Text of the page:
While we're on the subject, the Atlantic has the first in a two-part piece on quinoa's history as a "cursed crop." It'll make you appreciate this ancient food.

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In case you missed this morning's Oprah show, Lady Gaga was in the hot seat. She revealed that she's a "wannabe foodie" and that Winfrey thoughtfully had Art Smith, her former personal chef turned TV chef-superstar in his own right (and a svelter one these days, we might add), cook her the breakfast o' champions: chicken and waffles.

This excerpt (and the photo) courtesy of Harpo Studios:

WINFREY: So tell me, what would people be most surprised to know about you?

GAGA: Most surprised to know about me. Oh, okay. I can tell you.

WINFREY: Okay.

GAGA: Oprah had a surprise for me. She had Art Smith, a chef, come and cook
for me today, this morning. And I'm the hugest fan and secretly a
wannabe-foodie and I love to cook. So that's something that people don't
know. I'm such a huge fan. He made me chicken and waffles this morning.

WINFREY: Chicken and waffles. I came in the kitchen this morning. There is
fried chicken everywhere.

GAGA: Everywhere, it was amazing.

WINFREY: And I said, you were eating--have you eaten fried chicken already
this morning?

GAGA: Yes. But it was so--I mean, I always have very trying weeks in terms
of my physical schedule. Sometimes when I wake up in the morning, I'm just
like, oh, gosh, I need to find my soul and he just gave me some soul this
morning. I said I've got soul for Oprah today.

WINFREY: Thank you, Art. Art Smith made breakfast for Gaga.

Chicago's restaurant community is doing its part to help survivors of the devastating earthquake in Haiti.

Among the efforts:
From Monday to Jan. 24, 32 (and counting) area restaurants will offer diners the opportunity to add $1 to their tab. The total collected will be donated to the nonprofit Heartland Alliance, which has set up an emergency fund for quake survivors.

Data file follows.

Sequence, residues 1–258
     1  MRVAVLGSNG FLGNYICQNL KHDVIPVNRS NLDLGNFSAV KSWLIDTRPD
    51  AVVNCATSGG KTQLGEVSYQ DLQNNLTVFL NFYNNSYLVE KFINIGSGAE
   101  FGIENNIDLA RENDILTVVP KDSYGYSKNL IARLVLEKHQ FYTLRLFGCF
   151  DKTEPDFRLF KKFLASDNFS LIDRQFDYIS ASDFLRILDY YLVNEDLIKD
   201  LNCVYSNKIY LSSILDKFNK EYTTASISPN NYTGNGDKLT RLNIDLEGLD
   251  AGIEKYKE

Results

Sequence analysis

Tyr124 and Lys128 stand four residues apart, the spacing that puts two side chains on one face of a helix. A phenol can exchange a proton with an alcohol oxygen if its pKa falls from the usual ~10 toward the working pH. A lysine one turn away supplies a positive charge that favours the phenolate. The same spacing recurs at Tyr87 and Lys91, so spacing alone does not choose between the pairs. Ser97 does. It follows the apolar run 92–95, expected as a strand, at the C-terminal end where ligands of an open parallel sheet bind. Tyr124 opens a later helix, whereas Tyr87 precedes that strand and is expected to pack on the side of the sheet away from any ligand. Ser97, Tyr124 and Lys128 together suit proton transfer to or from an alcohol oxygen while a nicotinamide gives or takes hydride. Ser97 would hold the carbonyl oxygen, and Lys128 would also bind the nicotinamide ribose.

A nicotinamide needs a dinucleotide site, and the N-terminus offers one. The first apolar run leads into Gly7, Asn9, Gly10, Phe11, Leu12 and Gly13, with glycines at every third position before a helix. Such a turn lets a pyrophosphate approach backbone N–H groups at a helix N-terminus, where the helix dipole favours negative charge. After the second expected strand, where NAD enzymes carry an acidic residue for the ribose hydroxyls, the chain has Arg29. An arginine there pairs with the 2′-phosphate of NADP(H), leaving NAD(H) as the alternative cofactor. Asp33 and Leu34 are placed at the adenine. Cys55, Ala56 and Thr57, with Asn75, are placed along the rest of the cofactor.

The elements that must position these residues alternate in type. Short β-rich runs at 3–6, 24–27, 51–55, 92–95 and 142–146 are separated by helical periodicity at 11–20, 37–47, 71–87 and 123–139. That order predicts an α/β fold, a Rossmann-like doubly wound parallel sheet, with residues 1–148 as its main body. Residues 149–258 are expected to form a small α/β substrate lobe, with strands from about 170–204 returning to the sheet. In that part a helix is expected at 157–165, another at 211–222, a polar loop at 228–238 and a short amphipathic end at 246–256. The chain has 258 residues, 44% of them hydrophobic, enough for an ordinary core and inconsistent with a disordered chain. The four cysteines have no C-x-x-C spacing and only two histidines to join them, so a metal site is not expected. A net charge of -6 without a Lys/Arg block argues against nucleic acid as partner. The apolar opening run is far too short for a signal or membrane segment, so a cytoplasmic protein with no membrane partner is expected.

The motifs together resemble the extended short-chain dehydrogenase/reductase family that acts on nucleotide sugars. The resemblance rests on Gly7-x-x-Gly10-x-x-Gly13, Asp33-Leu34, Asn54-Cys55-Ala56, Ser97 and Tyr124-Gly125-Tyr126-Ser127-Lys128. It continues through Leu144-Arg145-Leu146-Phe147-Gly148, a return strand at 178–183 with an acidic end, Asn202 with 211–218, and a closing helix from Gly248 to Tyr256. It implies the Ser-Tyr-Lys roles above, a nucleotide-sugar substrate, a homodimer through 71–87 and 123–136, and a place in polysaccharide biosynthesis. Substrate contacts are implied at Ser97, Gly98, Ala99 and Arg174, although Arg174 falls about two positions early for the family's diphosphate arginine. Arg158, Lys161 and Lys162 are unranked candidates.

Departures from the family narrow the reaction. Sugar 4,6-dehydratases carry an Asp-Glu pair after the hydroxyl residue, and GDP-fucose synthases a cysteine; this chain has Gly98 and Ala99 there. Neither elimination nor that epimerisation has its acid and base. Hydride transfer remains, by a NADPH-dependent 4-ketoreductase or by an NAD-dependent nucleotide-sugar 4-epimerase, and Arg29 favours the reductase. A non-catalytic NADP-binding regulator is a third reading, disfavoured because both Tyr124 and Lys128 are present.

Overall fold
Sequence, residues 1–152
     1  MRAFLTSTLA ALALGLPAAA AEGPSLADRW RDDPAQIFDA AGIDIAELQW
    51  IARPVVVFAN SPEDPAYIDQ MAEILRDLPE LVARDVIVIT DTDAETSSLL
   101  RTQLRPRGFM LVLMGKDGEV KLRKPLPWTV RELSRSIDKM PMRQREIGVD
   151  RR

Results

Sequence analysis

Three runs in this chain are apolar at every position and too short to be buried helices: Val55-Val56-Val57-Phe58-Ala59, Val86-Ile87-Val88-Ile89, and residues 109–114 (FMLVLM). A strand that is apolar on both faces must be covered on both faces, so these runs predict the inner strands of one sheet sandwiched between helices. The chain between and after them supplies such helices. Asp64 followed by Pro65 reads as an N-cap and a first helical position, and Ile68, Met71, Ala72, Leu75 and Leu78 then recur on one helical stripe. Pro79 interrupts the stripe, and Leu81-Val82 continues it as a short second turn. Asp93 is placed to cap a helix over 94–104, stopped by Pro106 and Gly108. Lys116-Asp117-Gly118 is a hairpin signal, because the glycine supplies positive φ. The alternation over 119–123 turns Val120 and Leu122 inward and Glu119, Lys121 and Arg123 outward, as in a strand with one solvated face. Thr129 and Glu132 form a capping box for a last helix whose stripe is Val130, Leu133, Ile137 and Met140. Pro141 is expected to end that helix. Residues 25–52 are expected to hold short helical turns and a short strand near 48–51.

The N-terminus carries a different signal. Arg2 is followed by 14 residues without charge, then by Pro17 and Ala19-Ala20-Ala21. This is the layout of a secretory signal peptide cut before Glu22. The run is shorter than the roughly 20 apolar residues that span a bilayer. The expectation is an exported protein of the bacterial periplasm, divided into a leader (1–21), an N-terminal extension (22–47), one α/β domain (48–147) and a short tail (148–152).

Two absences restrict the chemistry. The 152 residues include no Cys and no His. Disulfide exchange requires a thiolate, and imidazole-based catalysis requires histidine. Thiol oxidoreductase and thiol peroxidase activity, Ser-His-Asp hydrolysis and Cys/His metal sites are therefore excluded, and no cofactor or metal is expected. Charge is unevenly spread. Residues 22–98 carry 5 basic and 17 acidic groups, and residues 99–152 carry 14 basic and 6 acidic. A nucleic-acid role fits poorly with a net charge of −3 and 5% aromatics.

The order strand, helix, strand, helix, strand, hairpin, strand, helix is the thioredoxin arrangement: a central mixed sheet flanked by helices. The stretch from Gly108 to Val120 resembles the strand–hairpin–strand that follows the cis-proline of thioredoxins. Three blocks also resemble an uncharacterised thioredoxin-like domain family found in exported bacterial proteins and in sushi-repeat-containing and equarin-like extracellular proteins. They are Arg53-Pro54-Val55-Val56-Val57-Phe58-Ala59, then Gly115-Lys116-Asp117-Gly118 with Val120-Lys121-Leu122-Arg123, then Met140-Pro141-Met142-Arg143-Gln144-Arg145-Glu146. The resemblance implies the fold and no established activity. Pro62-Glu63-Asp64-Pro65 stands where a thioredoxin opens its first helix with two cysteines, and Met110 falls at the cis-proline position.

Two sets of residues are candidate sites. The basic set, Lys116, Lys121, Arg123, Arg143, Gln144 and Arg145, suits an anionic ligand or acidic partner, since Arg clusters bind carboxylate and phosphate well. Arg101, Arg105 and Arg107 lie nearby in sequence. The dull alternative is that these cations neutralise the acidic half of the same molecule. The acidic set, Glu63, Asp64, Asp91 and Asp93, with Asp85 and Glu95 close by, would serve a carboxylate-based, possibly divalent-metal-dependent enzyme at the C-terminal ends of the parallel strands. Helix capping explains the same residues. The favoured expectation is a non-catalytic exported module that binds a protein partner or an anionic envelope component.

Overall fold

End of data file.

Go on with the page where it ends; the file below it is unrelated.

Buy a burger at DMK Burger Bar, 2954 N. Sheffield, between Tuesday and Jan. 24, and 25% of the proceeds will go to the American Red Cross Haitian Relief Fund or Share our Strength. The burger bar also is hosting a raffle ($20 a ticket) to win a month of free burgers. The drawing will be at midnight Jan. 30. Donations will also go toward relief efforts.

Hearty, 3819 N. Broadway, will forward five percent of its gross sales through Saturday to the International Medical Corps, which is assisting Haiti with health care services.

Chef wannabes, are you ready for your closeup?

Fox is holding a casting call Sunday in Naperville for its newest reality show, "MasterChef," starring salty chef Gordon Ramsay.

The show that TV industry insiders are touting as a culinary "American Idol" will aim to help home cooks "develop their cooking skills while being encouraged, mentored and celebrated by the industry's best."

The show is open only to amateurs; no professional chefs allowed. The casting call is from 11 a.m. to 4 p.m. at Sur La Table, 55 S. Main, Naperville. For details, go to fox.com/casting or e-mail MasterChefChicago@gmail.com.

Not up for putting your ego on full display? Try your hand at one of these national cooking contests:

-- Take a picture of yourself somewhere in the world with a bottle of Mrs. Butterworth's syrup for the aptly-named "Where in the World is Mrs. Butterworth?" contest. The grand prize: $1,000 plus one year's supply of syrup. Enter by Feb. 28 at mrsbutterworthsyrup.com.

-- Duncan Hines is asking bakers to share their best birthday cake recipe (bonus if you attach a photo of your frosted masterpiece) for a chance to win a Wii system, four cake mixes, four tubs of frosting and $250 to spend on party decorations. Enter by Jan. 30 at duncanhines.com.